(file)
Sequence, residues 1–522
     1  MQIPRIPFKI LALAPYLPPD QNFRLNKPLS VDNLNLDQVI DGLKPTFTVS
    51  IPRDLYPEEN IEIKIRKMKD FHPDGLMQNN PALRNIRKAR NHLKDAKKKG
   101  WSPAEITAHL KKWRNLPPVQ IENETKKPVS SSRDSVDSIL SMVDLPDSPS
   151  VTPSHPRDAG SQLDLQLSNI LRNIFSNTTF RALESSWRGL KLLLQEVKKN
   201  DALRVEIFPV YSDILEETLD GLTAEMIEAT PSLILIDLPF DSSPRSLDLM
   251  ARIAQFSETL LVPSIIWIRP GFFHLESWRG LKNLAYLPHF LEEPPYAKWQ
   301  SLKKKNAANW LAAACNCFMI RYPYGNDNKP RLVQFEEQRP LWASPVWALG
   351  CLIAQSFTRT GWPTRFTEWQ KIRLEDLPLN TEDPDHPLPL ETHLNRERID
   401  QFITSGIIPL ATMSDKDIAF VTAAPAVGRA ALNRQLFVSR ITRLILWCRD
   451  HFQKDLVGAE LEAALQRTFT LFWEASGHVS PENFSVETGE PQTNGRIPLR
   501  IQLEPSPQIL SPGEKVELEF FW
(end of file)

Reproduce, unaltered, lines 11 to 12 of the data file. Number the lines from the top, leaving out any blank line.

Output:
   451  HFQKDLVGAE LEAALQRTFT LFWEASGHVS PENFSVETGE PQTNGRIPLR
   501  IQLEPSPQIL SPGEKVELEF FW